Two questions for Justin Vacula about ‘nasty pushback’ against some feminists online

by Michael Nugent on March 1, 2013

Justin Vacula has published a video (here with transcript) titled “Feminists’ million dollar question” in which he elaborates on his advice “for people who face criticism and hate on the internet.”

While I fundamentally disagree with his analysis, I am interpreting his intentions charitably, and I would like to ask him two questions.

Justin asks why some feminists receive what he calls “nasty pushback” while others don’t, and he concludes that it is because of the way that they present themselves on the Internet. He says of this “nasty pushback”:

“It’s not to say the nasty pushback is morally justified, but it’s just to state a fact; it’s just to state how the internet “is.” It’s not to justify the behavior.”

Justin, here’s my first question for you. Can you go a step further than that, and say that at least some of “the nasty pushback” is morally unjustified, and can you give some examples of morally unjustified nasty pushback?

Justin then concludes with his “Feminists’ million dollar question”.

“So the million dollar question once again is this: “Why is it that some feminists experience negative feedback on the internet while others do not?””

Justin, here is my second question for you. Do you think that we can more usefully ask that question in the active tense rather than the passive tense, and how would you answer this actively framed version of it:

Why is it that some people on the Internet direct “criticism and hate” and “nasty pushback” at some feminists, while others do not?

Note that this question is not about what these people believe they are responding to, but about why some respond with “criticism and hate” and “nasty pushback” while others do not.

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{ 31 comments… read them below or add one }

1 The Devil's Towelboy March 1, 2013 at 3:49 am

Here’s two questions for you –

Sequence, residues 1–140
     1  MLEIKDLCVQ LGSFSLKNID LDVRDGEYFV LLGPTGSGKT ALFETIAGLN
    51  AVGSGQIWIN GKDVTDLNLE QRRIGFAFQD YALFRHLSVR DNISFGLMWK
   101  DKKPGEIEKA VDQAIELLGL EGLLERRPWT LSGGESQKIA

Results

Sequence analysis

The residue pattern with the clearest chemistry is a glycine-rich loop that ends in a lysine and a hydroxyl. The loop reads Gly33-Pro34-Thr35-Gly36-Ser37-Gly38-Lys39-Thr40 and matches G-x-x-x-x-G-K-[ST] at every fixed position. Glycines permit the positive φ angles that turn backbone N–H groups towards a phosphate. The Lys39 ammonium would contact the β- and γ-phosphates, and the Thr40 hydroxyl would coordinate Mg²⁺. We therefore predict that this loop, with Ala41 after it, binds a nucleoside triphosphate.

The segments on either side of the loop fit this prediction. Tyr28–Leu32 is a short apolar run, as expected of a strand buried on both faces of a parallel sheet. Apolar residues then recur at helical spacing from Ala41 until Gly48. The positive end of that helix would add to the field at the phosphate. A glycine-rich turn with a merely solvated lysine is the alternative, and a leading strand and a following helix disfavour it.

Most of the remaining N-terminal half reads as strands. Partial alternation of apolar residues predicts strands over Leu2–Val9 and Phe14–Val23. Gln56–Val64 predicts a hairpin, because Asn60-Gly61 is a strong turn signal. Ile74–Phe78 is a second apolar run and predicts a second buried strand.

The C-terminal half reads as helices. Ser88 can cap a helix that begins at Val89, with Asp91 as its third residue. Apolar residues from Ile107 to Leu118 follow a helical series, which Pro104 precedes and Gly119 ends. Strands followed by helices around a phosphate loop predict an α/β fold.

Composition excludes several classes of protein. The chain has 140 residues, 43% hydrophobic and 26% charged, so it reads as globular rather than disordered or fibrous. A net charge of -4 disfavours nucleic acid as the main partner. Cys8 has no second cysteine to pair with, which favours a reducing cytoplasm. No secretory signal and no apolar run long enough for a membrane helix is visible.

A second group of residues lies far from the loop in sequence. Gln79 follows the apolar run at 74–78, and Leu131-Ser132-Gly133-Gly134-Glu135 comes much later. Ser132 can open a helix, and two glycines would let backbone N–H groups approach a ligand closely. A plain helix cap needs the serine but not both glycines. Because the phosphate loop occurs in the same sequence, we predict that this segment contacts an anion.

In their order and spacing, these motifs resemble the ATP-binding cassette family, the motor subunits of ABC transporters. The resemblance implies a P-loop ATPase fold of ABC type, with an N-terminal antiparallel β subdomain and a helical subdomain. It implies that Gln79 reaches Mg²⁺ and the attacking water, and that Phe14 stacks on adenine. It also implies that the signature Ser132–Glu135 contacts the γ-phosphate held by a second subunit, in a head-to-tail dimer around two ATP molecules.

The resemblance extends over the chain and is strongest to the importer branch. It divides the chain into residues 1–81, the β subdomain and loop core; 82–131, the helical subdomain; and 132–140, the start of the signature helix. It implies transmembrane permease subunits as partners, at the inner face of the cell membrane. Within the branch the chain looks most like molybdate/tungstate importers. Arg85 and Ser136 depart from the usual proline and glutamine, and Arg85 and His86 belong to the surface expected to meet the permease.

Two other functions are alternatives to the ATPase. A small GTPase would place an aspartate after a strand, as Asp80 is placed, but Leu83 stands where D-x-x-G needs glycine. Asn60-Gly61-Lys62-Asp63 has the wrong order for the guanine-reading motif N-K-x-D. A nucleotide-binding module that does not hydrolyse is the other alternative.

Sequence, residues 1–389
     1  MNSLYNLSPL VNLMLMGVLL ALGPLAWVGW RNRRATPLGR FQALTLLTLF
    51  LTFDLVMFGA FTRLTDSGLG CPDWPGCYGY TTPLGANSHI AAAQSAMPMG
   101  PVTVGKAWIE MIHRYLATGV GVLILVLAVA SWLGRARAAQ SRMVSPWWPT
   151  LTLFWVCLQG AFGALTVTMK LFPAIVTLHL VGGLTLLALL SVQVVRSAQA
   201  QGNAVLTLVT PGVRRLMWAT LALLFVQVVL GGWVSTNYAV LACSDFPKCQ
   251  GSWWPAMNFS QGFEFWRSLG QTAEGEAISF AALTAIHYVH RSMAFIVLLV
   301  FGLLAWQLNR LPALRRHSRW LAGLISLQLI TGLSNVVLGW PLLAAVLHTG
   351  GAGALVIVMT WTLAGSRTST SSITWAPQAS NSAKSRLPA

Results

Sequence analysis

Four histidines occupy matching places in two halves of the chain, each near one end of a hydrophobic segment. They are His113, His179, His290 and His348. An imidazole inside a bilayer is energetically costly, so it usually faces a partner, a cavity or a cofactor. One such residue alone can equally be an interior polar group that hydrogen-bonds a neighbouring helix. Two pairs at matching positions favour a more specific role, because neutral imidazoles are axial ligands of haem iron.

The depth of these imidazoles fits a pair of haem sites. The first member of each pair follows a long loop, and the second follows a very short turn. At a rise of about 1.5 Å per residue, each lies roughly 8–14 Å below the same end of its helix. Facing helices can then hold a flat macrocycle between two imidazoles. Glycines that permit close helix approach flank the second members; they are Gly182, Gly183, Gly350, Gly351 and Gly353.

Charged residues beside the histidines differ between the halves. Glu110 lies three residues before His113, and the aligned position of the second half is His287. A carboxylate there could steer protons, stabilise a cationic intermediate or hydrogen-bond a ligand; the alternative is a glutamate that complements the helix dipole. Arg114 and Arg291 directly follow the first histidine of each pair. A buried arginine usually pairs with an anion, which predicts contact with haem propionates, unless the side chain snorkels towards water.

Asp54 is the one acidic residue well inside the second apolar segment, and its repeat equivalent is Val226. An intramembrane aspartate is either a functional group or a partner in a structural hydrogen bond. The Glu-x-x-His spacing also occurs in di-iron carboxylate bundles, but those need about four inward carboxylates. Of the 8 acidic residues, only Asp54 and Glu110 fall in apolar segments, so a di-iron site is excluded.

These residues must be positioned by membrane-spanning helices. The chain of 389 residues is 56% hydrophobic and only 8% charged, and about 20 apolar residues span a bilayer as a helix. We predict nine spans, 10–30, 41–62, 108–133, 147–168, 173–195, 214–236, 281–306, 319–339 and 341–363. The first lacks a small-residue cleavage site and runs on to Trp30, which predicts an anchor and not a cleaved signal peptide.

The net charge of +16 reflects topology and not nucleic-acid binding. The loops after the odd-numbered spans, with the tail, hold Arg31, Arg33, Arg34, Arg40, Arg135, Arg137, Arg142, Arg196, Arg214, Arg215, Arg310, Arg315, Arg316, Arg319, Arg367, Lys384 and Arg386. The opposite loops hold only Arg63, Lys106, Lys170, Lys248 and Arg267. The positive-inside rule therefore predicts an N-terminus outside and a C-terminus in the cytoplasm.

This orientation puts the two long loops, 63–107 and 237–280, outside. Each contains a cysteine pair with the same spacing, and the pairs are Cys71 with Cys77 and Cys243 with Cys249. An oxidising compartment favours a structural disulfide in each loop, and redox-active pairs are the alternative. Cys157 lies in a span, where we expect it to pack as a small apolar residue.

1) Do you deliberately choose not to see the wholesale vandalism conducted against our various communities by the people you claim are “victims”? Or,

2)Are you fully aware of it and willfully ignore it for whatever reasons favor your personal agenda?

Here’s a brief checklist –

http://i.imgur.com/wH9p8.jpg

There are three words that summarize the the plight of those that claim to be the “victims” – self fulfilling prophecy.

If people, irrespective of gender, insist on dumping truckloads of unsubstantiated accusation, smear, character assassination and just outright falsehood, how dare they expect that there will be no “push back”? Absurd.

This is not a gender issue – it is a vicious idoicy issue. You neglect the fact that some of the worst offenders in this regard are male – PZ Myers, Greg Laden, Adam Lee to name just a few.

I pity Ireland if you are the best representative for atheism they have. You are just a blind believer without a god.

2 doubtthat March 1, 2013 at 5:38 am

Well, just to balance the crazy out for you, I have only read a few of your blog posts, Mr. Nugent, but I’m impressed with your effort, here.

Gird your loins and prepare to have your blog become (hopefully temporarily) the vomitorium for the unhinged sort of people you see above. Good luck, Sir.

3 Stacy March 1, 2013 at 5:54 am

Adding Michael to the enemies list now are you, DTB?

Skepticism 101: unsubstantiated accusations aren’t worth shite. If you have a specific complaint, make it and provide evidence. Context matters.

4 Stacy March 1, 2013 at 5:57 am

I meant to refer to The Devil’s Towelboy above; I should have used the acronymTDT instead of DTB. Sorry for any confusion.

5 Jeremac March 1, 2013 at 7:38 am

“Why is it that some people on the Internet direct “criticism and hate” and “nasty pushback” at some feminists, while others do not?”

I’d say they’re the same people who respond to anything on the internet in that way. It’s been going on since the days of the fidonet and occurs regardless of the topic of discussion. People don’t act the same way they do in an anonymous online environment as they do in person. Hell, people don’t even act the same way in the online environment when they’re not anonymous as they do in person.

Why are we still pretending that the behaviour is specific to the topic of feminism?

What’s different here is the scale of the abuse, not the type of abuse or the viciousness of it. The scale is different to what we normally experience because it’s a topic that is dividing the community and the way it has been dealt with is further dividing that community.